By Ed Fulginiti
“As a kid growing up, I remember touch football games in the street…and nobody I knew was ever hit by a car. I recall playing atop heaps of landfill at what was then called the city dump…and none of us was ever sicker than the average child. I used to routinely ride perilously perched atop the handlebars of my uncle’s bicycle through the streets of Philadelphia. I hopped my fair share of moving trains. Ate too much candy, drank too many sodas and snuck into the side doors of cinemas whenever I thought I could.
And what’s the point of this confession?
Well, it strikes me I learned early on in life that the actions we take reap the consequences we get — sometimes unfairly, sometimes with little or no logic. I suspect by now I should rightly be dead for all the indiscretions I’ve made, but I’m not. Rather, I did what I did and like most people I know, let the chips fall where they may. C’est la vie.
That’s like most seniors’ I know. We’re a pretty hardy lot who have led life to the max and sometimes marvel that we’re still here to rue the actions of our children or grandchildren (who we suspect are involved in more mischief than we’d care to imagine!).
Here’s my point. Every time I read another item about what someone else thinks is in my best interest — or goes to great lengths to limit what is rightfully none of their business, I want to scream.
Do I know too many Wendy’s cheeseburgers may not be in the best interest of my health? Yep, I do. So I limit their intake to a point that satisfies me — beyond which I’ll bear the fruits of too many calories or too rich a blood-sugar content or too high a pumping heart rate. And as my kid says, ‘my bad’ for such recklessness.
Much the same applies to smoking or drinking alcohol or cleaning my pistol.
I don’t need food cops or the anti-gun lobby or Ralph Nader’s various splinter groups telling me they know what’s best. Too much ice cream, I’m going to get fat. Buy an SUV, it may roll over. Bounce incorrectly on my backyard trampoline and I may break my neck. These are risks I’m well aware of. I make them as a free choice and suffer the consequences, if any. This sort of thing is what I’ve been doing my entire life as have most seniors’ I’ve met.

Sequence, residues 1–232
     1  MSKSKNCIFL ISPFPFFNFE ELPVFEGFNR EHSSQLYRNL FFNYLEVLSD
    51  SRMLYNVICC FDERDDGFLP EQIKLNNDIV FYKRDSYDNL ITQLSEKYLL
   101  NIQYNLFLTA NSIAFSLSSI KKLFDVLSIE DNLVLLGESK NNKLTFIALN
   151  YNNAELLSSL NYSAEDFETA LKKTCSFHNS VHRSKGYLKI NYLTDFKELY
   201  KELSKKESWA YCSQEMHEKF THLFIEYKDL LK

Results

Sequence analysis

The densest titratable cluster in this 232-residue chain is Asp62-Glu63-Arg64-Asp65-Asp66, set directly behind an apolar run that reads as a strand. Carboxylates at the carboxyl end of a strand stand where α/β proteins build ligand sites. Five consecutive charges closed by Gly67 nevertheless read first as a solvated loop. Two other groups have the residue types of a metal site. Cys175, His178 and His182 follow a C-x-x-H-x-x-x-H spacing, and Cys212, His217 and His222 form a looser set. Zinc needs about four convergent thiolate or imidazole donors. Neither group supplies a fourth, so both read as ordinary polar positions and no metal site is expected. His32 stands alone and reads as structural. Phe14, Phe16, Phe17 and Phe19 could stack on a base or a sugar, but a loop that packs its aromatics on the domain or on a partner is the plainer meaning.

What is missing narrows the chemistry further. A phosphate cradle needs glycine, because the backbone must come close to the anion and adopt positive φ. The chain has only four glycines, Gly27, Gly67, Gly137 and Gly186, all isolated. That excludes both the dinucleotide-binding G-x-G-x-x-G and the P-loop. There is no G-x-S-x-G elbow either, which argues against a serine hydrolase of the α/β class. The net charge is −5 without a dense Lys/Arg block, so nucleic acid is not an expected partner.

I fear what is really at play here is the nanny state only too willing to meet trial lawyers half way now that the tobacco manufacturers have been largely neutered. Next, my friend, is obesity. Twinkie cops loom just over the horizon. America’s children may be an overweight bunch, but I don’t want to see perfectly legitimate vending machines removed from school cafeterias or the recipe for a favorite — Oreo cookies — become altered to the consistency and flavor of cardboard. My McDonald’s French fries already taste less for this sort of thing.
Government does not always know best. Seniors know this. We’re a fairly robust lot that appreciates the God-given right to make up our own minds. Now there’s some diversity for you! But so long as someone else thinks they know better — or is tempted by greed for a huge payday by depriving me the choice to do what I believe only serves, at worst, to put myself at risk and no one else, that’s the day I put my aging foot down and say, ‘bug off!’
Now you’ll excuse me…I have to lace up my Nike’s and go for a jog. Gee, I wonder if I suffer a heart attack, can I sue the shoe company for my irresponsible exercise?
Mr. Fulginiti is Communications Director of The 60 Plus Association, a 10-year old nonpartisan group with a less government, less taxes approach to seniors’ issues.